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Certainly. If what you're seeing is fat bloom, you can always 'fix' it by retempering and remoulding. Retempering a single 50 or 100g bar can be tricky though, as it's a fairly small amount. If you're not fairly experienced with tempering, i'd suggest you get yourself a big ol' block of the cheapest chocolate you can find and learn on that first.

I do fear our fine moderators are going to find we're straying a bit off topic before long, however...

August 12, 2005
4:13 pm
seneca
USA
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Perhaps a bit off topic, but a good thread! :-) Not to add too much more, I'd just agree that in my experience fat bloom can definitely affect taste. If you bring a bar of bloomed chocolate back to any nice specialty retailer, they should really replace it for you, whether the bloom occured in the supply chain or at the shop.

http://bittersweetcafe.blogspot.com http://www.bittersweetcafe.com
August 12, 2005
5:35 pm
Hans-Peter Rot
USA
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Here's some more information on bloom:

http://www.seventypercent.com/.....erms=bloom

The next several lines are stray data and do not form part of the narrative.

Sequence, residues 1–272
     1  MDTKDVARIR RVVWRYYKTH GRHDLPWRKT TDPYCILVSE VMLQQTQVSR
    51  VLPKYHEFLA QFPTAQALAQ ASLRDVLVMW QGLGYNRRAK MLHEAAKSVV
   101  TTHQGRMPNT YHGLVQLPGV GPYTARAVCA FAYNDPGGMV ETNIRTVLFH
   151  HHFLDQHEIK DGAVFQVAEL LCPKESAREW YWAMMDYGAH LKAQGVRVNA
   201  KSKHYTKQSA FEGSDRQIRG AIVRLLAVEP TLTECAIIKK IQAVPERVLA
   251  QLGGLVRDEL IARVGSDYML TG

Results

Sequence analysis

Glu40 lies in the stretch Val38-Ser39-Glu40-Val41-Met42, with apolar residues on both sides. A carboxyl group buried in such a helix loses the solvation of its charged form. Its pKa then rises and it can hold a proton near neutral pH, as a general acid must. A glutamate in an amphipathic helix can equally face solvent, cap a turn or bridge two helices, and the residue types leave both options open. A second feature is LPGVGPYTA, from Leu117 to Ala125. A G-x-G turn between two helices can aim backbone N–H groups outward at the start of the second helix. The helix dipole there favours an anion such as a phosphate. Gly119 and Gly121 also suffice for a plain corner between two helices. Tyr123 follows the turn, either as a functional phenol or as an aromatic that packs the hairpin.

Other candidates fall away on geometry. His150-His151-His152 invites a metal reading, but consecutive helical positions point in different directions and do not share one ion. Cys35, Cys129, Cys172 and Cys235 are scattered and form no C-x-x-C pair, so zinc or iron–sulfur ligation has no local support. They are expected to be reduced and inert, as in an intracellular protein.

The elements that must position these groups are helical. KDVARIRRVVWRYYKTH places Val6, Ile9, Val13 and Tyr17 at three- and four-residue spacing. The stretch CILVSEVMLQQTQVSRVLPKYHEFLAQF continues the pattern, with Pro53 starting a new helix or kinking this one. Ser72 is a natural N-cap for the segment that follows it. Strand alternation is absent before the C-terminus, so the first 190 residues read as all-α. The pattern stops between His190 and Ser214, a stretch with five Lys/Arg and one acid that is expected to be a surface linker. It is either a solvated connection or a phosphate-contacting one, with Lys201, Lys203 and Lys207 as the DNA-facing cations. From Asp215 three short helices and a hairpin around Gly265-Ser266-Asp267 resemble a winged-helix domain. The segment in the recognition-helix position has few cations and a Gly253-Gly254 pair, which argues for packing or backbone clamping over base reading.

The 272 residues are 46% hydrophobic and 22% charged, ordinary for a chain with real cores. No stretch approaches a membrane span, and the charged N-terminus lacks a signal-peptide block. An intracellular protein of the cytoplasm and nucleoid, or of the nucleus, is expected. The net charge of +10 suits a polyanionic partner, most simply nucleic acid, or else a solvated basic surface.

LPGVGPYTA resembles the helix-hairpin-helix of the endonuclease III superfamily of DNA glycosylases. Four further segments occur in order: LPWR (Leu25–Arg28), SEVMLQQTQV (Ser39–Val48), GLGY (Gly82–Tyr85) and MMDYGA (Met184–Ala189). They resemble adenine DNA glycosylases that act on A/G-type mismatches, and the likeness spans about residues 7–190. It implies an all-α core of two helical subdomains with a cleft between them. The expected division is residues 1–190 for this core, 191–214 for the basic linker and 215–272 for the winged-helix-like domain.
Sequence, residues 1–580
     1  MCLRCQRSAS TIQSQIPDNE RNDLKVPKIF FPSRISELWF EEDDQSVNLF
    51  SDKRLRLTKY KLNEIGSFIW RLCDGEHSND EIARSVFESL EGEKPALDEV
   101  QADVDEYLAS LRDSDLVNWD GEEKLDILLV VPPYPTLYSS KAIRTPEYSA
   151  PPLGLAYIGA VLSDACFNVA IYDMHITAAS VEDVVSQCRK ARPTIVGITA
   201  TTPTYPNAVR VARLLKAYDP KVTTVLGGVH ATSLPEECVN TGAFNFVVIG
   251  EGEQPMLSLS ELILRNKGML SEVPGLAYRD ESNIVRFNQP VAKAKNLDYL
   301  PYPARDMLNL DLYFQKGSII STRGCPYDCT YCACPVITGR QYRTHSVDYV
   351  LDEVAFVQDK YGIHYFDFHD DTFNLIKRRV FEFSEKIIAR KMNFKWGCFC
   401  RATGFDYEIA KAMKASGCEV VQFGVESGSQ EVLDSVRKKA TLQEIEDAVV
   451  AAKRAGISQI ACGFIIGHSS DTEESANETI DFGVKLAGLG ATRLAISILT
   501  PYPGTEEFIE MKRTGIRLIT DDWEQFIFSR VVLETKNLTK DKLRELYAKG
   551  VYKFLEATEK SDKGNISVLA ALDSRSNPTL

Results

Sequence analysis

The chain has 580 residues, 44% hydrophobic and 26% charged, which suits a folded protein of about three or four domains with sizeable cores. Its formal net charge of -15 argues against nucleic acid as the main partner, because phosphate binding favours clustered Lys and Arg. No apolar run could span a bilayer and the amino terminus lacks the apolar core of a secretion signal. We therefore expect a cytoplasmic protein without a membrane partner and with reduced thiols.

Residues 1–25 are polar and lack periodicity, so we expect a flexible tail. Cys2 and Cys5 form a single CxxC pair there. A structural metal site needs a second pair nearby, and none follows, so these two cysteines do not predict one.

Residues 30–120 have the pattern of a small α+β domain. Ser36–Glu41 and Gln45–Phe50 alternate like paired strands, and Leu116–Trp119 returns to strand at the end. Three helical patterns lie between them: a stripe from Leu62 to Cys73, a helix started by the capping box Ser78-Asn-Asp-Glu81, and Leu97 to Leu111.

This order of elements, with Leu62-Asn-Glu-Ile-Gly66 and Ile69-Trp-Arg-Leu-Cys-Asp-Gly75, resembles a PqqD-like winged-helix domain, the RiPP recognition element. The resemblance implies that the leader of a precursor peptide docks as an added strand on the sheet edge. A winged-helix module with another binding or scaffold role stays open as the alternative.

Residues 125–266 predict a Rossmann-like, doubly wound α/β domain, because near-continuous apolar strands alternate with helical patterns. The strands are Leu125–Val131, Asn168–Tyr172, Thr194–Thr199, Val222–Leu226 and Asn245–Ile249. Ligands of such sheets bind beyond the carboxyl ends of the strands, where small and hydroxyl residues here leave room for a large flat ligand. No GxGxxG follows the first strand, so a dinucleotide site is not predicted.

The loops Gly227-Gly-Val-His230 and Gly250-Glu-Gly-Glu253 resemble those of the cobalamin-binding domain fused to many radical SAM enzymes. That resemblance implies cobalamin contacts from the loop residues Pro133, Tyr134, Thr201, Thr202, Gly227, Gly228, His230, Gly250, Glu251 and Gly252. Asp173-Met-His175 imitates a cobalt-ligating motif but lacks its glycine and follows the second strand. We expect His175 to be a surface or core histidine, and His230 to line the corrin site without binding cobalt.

Fat bloom does indeed affect flavor because the manner in which the fat is distributed throughout the chocolate will influence overall flavor and mouthfeel. However, as previously mentioned by Sebastian and in the above thread, tempering can fix that.

I've tried sugar bloomed and fat bloomed chocolate, both of which were not that great by themselves. What I've done with those bars was throw them in recipes for muffins, cookies, etc., or anything that basically requires heat. As most people have commented (in this thread and others), they also have used the bloomed chocolate in recipes - in much the same manner as I have - and of course, the chocolate works well in these applications because of the re-heating of the chocolate and subsequent re-dispersal of the fat and sugar.

I've received bloomed chocolate in the past and expressed my disappointment to the retailers whereupon I was compensated credit or replacement bars. Receiving bloomed chocolate is like buying a car without wheels. The car may have all its necessary internal parts, but without wheels it's just another lawn ornament in the deep South. It can't deliver you or anything anywhere. A bloomed chocolate can't deliver good flavor, and after all, that's the main reason we buy chocolate.